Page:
If, however, patients believe they cannot prevent the threat, they are motivated toward fear control. They seek ways to deal with the fear, not with the danger. They may deny the threat, ignore the message, or lash out at you as the bearer of the news.

How Patients Deal with Health Threats

Step One: Appraising the Problem
If patients believe the threat is minimal or irrelevant: Patients stop listening to the message
If patients believe the threat is serious and likely: Patients continue to listen and move to Step Two
Step Two: Appraising the Solution
If patients believe they are capable of taking effective action to avert the danger: Patients will adopt the recommended action, such as accepting a treatment plan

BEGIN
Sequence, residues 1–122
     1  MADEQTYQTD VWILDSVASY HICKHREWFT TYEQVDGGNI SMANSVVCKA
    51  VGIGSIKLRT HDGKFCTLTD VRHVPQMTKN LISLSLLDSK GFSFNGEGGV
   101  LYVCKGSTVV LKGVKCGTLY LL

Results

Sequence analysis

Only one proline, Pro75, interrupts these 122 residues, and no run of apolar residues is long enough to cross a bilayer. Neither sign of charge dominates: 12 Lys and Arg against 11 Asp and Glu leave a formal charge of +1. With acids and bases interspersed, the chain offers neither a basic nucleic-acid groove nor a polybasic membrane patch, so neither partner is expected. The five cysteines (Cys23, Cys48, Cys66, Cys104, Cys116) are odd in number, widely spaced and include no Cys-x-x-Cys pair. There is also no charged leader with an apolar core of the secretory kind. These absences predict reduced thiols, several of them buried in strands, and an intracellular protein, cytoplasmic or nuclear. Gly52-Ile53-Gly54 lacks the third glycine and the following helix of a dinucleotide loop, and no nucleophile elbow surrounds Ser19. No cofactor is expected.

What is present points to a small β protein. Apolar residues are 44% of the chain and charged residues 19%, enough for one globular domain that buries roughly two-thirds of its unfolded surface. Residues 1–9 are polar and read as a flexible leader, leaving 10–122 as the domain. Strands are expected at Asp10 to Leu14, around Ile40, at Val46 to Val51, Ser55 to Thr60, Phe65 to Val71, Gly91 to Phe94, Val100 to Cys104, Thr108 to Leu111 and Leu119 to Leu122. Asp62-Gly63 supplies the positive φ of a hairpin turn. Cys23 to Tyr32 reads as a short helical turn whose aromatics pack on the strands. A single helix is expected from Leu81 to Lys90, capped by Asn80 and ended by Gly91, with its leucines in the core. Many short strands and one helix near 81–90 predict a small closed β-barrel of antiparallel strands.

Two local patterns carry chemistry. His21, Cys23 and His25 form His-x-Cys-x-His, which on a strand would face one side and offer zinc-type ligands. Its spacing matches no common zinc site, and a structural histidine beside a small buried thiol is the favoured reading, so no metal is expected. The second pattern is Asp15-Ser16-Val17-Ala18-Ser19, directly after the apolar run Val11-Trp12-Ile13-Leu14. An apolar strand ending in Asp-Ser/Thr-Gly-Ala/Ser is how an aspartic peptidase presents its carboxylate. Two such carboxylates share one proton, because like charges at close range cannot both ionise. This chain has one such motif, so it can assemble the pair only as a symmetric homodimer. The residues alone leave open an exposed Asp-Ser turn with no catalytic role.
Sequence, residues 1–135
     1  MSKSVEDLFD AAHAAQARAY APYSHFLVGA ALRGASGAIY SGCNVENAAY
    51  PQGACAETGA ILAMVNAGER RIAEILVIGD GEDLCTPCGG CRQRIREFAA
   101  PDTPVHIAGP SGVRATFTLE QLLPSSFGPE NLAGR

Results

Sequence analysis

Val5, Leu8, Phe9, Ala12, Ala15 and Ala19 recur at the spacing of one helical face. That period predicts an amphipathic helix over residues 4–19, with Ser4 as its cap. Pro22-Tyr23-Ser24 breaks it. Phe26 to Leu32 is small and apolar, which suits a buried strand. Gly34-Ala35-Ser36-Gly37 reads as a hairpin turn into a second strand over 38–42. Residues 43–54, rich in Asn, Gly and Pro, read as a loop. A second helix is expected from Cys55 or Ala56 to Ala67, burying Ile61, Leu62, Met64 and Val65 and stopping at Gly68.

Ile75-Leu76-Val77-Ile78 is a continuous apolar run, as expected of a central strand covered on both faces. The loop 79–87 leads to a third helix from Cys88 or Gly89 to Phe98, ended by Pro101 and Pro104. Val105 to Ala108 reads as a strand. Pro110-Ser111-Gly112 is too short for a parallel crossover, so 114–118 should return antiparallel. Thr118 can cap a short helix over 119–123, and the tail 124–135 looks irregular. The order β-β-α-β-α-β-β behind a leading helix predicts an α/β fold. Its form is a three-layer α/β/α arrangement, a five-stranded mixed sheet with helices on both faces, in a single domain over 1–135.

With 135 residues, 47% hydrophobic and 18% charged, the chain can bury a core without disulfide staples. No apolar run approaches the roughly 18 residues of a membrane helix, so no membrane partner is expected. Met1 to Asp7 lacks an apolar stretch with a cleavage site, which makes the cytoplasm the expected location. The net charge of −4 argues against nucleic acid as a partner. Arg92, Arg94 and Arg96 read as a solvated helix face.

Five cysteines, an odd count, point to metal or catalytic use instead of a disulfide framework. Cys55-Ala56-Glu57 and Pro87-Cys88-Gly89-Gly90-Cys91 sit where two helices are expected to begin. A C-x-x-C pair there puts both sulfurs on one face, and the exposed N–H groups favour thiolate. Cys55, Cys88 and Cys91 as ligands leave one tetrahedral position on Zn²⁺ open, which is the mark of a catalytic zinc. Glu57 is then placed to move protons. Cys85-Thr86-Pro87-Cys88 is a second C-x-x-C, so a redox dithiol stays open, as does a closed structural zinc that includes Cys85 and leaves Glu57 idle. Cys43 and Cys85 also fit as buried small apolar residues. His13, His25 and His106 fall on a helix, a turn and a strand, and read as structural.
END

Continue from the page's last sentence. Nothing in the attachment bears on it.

If patients believe they are incapable of taking action or believe the action will be ineffective: Patients will engage in fear control processes such as denial, avoidance, or hostility

As an example, suppose you have a patient who is at risk of o ral cancer because of his use of smokeless tobacco. If he perceives his situation as low threat, he would say to himself, “It’s not like I’m smoking. A chew once in a while isn’t going to hurt me.”

If he perceives his situation as high threat/high effectiveness, he would say to himself, “I’m at risk of oral cancer from chewing tobacco. I don’t really want to quit, but I can and will.”

If he perceives his situation as high threat/low effectiveness, he would say to himself, “I’m at risk of oral cancer, but there’s nothing I can do. I can’t quit. I’m too old to change. That dentist should keep his nose out of my personal business.”